Honda has announced its plans to invest at least $40 billion through 2030 to push hybrid and fully electric vehicles to 40 percent of its sales by the end of the decade. This comes amid the automaker's relatively slow pace compared to rivals such as Volkswagen and GM in committing billions of dollars to develop and build EVs and batteries.

Despite this commitment to electrification, Honda's CEO Toshihiro Mibe believes that combustion engines could still be around by 2040 and beyond. "As we move toward carbon neutrality, we are focused on electrification and fuel cells - those are the two core components of future mobility," said Mibe in a Reuters report. 

Gallery: 2024 Honda Prologue

Mibe has been in the business of engine development for 30 years, so he's personally not fond of the EV era. "But I have to separate my own feelings from what is best for the business," he commented.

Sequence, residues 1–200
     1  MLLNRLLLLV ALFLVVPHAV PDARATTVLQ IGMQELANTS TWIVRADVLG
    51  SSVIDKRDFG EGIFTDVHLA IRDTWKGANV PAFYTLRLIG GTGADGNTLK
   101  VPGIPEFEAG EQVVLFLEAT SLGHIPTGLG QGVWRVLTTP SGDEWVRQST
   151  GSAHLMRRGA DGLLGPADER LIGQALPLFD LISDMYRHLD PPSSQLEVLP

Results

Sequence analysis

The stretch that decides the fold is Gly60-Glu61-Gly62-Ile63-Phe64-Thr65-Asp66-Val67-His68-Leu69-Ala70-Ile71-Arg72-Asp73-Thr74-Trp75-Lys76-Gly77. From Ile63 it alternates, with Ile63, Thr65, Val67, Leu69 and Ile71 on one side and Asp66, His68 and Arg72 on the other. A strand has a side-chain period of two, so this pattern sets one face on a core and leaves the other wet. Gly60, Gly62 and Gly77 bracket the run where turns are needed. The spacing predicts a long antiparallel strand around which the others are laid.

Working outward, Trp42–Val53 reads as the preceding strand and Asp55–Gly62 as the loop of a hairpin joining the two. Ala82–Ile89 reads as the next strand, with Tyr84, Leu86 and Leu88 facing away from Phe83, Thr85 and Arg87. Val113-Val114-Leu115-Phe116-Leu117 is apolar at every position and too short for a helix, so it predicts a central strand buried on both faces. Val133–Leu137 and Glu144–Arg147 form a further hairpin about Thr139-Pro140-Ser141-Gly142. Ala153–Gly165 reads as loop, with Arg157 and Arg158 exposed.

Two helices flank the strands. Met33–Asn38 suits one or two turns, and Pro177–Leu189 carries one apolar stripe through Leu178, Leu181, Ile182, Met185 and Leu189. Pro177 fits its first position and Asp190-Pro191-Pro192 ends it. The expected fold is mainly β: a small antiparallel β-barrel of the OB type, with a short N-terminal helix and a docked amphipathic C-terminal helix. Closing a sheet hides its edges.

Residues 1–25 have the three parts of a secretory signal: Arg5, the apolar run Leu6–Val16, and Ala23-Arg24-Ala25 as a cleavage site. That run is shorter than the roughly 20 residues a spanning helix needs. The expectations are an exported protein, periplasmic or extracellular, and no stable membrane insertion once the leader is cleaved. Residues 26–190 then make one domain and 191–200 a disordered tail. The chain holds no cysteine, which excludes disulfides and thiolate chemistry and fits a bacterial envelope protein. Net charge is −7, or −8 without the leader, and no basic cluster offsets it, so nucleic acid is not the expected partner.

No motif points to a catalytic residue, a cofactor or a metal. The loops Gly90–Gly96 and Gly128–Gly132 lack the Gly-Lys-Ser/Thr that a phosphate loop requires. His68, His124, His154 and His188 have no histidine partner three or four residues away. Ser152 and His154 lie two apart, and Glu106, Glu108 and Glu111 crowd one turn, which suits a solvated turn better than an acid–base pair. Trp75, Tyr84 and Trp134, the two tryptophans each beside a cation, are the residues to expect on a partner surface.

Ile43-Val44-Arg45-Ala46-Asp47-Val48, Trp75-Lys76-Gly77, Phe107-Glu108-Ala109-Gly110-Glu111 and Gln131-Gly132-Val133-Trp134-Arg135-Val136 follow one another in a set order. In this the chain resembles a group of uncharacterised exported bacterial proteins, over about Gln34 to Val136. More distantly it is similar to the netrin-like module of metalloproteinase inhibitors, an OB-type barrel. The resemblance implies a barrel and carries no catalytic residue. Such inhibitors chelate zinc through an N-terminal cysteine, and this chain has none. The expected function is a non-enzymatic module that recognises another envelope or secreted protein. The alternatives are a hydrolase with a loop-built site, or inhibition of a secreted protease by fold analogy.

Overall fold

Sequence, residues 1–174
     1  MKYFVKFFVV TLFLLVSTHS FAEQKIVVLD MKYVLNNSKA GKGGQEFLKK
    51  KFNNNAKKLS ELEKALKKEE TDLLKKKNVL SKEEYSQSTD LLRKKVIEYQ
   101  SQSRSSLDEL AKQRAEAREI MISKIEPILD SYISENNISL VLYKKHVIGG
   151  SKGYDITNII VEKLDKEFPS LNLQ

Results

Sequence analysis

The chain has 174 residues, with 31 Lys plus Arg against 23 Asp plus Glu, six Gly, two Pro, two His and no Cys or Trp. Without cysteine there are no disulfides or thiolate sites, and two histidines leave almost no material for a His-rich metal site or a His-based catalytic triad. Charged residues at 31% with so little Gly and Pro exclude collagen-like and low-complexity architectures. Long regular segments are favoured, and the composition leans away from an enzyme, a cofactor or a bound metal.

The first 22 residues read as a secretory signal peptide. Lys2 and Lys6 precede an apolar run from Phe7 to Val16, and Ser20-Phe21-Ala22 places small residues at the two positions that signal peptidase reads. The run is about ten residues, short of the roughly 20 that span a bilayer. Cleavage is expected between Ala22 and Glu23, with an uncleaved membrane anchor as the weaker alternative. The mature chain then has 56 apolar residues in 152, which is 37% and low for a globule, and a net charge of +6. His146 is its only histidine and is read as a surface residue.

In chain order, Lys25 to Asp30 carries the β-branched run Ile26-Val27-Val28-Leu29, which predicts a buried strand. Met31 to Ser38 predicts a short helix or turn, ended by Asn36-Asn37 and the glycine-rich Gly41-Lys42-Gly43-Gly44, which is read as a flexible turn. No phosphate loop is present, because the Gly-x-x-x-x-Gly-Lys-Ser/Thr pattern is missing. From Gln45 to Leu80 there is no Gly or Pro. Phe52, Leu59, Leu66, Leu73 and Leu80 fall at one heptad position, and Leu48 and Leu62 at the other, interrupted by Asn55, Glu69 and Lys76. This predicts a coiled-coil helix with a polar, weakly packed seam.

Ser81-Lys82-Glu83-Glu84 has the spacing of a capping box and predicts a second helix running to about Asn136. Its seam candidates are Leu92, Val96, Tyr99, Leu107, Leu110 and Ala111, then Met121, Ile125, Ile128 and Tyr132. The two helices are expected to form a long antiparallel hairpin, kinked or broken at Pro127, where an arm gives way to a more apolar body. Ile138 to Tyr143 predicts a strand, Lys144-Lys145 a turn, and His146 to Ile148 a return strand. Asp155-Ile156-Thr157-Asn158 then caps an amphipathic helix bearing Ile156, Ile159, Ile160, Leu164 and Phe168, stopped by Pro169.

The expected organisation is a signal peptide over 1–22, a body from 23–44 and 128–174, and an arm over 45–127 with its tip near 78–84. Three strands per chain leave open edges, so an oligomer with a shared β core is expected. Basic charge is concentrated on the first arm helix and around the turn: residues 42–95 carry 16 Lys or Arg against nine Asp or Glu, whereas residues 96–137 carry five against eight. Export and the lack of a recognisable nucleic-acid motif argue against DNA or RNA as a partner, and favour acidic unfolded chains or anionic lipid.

To achieve Honda's goal of pushing EVs and hybrids to 40 percent of its sales by 2030, the Japanese company has established a standalone business unit to oversee the development of its EV and battery business, which could eventually include an investment in charging stations, similar to Tesla's Supercharger network.

Honda is also running feasibility studies on a range of technologies, from chargers and advanced batteries to aerial vehicles and rockets, as well as new low-carbon e-fuels that could help keep combustion engines around for another decade or two.

Despite these investments and feasibility studies, Honda is keeping realistic expectations about the longevity of the internal combustion engine, with Mibe noting that performance cars, trucks, and other heavy-duty vehicles will likely keep combustion engines for some time to come.

Honda has partnerships in place to build batteries with LG Energy Solution in Ohio starting in 2025, which will be used in Honda's future EV factories in North America. Before then, Honda will get two new electric SUVs, the Honda Prologue and the Acura ZDX, from GM’s Spring Hills factory in Tennessee in 2024, born from the partnership with the American automaker.

Honda is also developing its own EV architectures, which will arrive in the US in 2026, as well as advanced batteries of its own design for some of those future models.

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